Seeking the Truth: Nikita Mikhalkov and the Russian Dilemma
The book is an effort to combine a purely biographical narrative about Nikita Mikhalov with the author's own film production experiences, together with some observations on many aspects of Russian history and culture.
It could be used as a source in film studies, Russian studies, and could also prove useful to anyone interested in Russia. More
Russia is a European nation by virtue of geography, race, and culture. Regardless, for over three centuries, first under the Czars, then under Communists, Russia and Russian people have been subjected to an unending campaign for "Europeanization". As a result, Russian culture produced some of the best writers, musicians, artists, and filmmakers in the world. Suffice to mention L.Tolstoy, F. Dostoyevsky, A. Chekhov, P. Tchaikovsky, or S. Eisenstein.
Yet, as a whole, the Russian psyche never became fully European.
Russia is now facing the same dilemma as three hundred years ago: whether to adopt Western modes of thinking and behavior, or to remain a unique cultural and political entity - neither Asian, nor European. To remain distinctly Russian.
In the late 1980s, there were high hopes that freedom, democracy, and capitalism would finally do the trick. Now, after 25 years, it seems that things are going in the opposite direction, or, rather in a traditionally Russian direction.
Soviet egalitarianism, partly a product of Marxist ideology, proved to be strongly resistant to the new "capitalistic" ethic. This egalitarianism was also inherited from old Russian notions of social justice and especially the Russian Orthodox attitude towards wealth (Matthew 19:24, Luke 18:25). Egalitarianism is combined with respect for a strong central authority, together with a general disregard for the law.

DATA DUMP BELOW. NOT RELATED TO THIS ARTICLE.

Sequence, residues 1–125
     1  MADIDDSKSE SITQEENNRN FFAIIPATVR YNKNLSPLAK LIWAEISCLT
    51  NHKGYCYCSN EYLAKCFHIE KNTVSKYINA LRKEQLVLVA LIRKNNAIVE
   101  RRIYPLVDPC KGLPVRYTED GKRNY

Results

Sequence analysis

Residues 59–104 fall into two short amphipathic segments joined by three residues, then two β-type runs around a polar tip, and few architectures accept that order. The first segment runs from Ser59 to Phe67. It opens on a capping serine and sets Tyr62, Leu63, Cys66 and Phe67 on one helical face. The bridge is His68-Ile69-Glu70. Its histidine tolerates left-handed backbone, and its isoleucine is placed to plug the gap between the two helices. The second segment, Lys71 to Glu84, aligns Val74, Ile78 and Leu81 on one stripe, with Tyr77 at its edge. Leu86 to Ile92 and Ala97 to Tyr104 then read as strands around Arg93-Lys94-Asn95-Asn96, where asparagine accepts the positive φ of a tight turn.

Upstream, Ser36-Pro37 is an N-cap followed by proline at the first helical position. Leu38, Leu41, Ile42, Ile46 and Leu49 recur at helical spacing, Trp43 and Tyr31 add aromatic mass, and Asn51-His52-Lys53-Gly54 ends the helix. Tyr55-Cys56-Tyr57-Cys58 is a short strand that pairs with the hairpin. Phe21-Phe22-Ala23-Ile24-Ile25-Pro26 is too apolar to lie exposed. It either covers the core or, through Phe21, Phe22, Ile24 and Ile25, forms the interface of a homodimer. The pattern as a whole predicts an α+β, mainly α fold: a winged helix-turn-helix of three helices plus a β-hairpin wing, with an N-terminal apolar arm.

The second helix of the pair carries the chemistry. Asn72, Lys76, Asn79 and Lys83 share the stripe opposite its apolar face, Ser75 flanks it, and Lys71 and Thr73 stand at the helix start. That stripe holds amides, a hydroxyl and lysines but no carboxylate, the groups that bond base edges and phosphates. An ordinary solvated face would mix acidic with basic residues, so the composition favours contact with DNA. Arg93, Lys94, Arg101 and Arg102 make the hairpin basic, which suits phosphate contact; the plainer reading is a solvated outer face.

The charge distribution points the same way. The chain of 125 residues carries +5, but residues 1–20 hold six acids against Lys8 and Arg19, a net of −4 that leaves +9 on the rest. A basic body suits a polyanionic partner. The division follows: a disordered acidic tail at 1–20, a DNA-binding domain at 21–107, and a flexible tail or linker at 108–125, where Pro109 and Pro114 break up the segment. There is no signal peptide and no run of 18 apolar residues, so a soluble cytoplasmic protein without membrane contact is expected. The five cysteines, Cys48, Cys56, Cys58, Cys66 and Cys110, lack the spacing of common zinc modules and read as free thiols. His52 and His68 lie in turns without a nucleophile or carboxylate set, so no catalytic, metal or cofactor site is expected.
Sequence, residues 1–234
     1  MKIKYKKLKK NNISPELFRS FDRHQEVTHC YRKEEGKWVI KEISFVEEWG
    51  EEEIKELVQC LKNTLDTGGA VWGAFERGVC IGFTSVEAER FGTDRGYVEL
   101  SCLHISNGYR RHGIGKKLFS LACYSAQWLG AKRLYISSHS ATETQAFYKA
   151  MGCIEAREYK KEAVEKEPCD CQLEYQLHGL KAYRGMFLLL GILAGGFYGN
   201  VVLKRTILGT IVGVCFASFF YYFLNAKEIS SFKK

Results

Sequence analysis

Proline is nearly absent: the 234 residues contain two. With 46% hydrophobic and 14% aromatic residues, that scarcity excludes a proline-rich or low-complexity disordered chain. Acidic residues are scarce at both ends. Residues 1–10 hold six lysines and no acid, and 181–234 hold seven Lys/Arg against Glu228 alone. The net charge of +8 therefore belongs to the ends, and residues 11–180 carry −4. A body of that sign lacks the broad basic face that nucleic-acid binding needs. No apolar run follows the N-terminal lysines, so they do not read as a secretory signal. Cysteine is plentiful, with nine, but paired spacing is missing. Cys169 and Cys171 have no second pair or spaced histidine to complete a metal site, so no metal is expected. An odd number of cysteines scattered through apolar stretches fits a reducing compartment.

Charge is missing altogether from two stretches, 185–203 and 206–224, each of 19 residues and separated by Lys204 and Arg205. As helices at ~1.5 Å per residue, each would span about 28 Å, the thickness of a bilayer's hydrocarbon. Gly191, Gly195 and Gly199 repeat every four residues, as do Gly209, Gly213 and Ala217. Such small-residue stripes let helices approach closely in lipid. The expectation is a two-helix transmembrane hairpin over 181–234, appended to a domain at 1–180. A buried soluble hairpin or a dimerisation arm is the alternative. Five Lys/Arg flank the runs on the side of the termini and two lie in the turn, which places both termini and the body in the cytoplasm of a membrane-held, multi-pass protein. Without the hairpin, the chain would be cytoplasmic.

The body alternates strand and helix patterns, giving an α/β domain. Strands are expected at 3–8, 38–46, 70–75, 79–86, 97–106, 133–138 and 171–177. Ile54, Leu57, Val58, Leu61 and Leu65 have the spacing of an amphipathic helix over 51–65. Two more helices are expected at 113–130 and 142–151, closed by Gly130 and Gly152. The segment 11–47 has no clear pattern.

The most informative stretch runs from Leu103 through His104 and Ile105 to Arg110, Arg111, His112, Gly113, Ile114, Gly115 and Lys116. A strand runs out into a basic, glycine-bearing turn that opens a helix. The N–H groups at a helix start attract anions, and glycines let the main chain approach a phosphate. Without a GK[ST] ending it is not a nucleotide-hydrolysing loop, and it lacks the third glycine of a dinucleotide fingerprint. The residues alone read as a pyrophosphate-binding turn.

Psyche, it seems, is far less - compared to culture - susceptible to change and transformation.
Nikita Mikhalkov is a film director, an actor, and a writer. His ancestry, his life, and his career have been deeply influenced and highlighted by the "Russian Dilemma". Being one of the very few Russian film directors with an international reputation, he displays many typically Russian qualities, along with purely cosmopolitan ones. Nikita Mikhalkov's films, his private life, and his public activities are full of contradictions inherent in the "Russian Dilemma". Often, it is success mixed with disappointment. Just as history of Russia is. Coming from an extremely gifted and prolific artist, a celebrity, these contradictions are especially telling.
The book is an effort to combine a purely biographical narrative with the author's own film production experiences, together with some observations on many aspects of Russian history and culture.
It could be used as a source in film studies, Russian studies, and could also prove useful to anyone interested in Russia.
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